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Emerging Imperatives
by Janice Keefer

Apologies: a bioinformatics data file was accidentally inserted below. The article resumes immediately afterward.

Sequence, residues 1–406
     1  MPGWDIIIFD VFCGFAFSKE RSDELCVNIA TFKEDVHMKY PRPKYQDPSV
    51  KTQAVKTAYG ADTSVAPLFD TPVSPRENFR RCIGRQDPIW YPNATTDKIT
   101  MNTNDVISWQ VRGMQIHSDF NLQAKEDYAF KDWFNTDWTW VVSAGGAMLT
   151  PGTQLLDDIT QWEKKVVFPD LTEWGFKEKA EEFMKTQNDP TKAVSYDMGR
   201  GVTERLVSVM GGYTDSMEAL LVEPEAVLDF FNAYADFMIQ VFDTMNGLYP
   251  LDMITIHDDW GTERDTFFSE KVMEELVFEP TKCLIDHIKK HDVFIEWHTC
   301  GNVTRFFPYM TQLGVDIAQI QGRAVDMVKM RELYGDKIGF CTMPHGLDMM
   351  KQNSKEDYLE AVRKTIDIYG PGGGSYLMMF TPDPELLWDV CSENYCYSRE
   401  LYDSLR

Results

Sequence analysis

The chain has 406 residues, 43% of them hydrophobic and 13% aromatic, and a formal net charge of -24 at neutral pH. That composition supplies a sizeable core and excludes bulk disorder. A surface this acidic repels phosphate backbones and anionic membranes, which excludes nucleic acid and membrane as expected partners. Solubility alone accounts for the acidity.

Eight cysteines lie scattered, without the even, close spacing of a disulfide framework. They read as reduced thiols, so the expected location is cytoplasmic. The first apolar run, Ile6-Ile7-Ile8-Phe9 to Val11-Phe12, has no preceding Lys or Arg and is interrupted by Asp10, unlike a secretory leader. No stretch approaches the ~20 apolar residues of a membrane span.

READERS WILL FIND much of interest and delight in No New Land, M. G. Vassanji`s account of a "particular East African Asian community" in contemporary Toronto. The denizens of 69 Rosecliffe Park Drive, an apartment building "just this side of dissolution," are linked by a common place of origin - Dar es Salaam - and a common condition, that of the first-generation immigrant trying to make good in an often bewildering, begrudging land. Vassanji introduces us to various representatives of this community: a middle-aged "failure," Nurdin, still cowed by an extraordinarily harsh and holy father; Nanji, a gentle existentialist, whose unhappy love affair is resolved at the novel`s end by a dea ex machina; Jamal, a rough-edged, pragmatic immigration lawyer on the make (and on the take, we may presume); and several minor characters, including a baker, Esmail, who, having had his shins broken by a teenage gang, takes up painting and returns to "Dar" to found a profitable artists` colony for rich (and credulous) Americans. By and large, Vassanji`s treatment of female characters is peripheral: Nurdin`s high-minded, low-libido`d wife, Zera, is sketchily, though affectionately drawn, and one of the most intriguing characters of the novel, the Hindu widow Sushila, pops into and is as abruptly plucked out of the narrative, leaving us to surmise that she may reappear in a sequel. Vassanji`s Shamsi community goes to the mosque (a temporarily converted high-school gymnasium) and to Honest Ed`s; it rallies round those who have become the victims of racist abuse and extends generosity to those left in the lurch by love or poverty. Thus the characters of No New Land are presented as human beings and not as exotically mysterious "others"; they are also particularized as variants of that socio-economic reality, the "New Canadian," explored in such novels as The Sacrifice and The Luck of Ginger Coffey. As in Wiseman`s and Moore`s novels, one of Vassanji`s protagonists accomplishes his rite of passage into Canadianness by a traumatic encounter with The Law; Vassanji`s innovation in this area is to show how accuser and accused are both enmeshed in the immigrant imperative -to "make good" whatever the cost to one`s human obligation to be or do good. What the narrator refers to as "multivulturism" gets short, yet subtle shrift in No New Land, which shows how complex a matter ethnicity is. Vassanji reveals the hierarchies within groups shar. ing the same religion and racial origins: for example, members of the Shamsi community are incensed at being taken for "Pakis," and the chasm that divides Nurdin from his niece Nermine has everything to do with social class and economic "difference." Only when Vassanji tries to force his narrative into the mould of the traditional novel, enforcing closure, or at least the tidying up of loose ends, does our pleasure in No New Land diminish. For the strength of Vassanji`s text lies in an indeterminate, decentred quality that forces our attention away from the plight of a central character and draws it instead to the richly diverse and problematic nature of community - in this and other ways the novel forms a rewarding complement to Neil Bissoondath`s A Casual Brutality. At its best, No New Land, like Nino Ricci`s Lives of the Saints and Sky Lee`s Disappearing Moon Cafe, redefines and extends our sense of the possibilities, not of multicultural literature in Canada, but of Canadian writing tout court.

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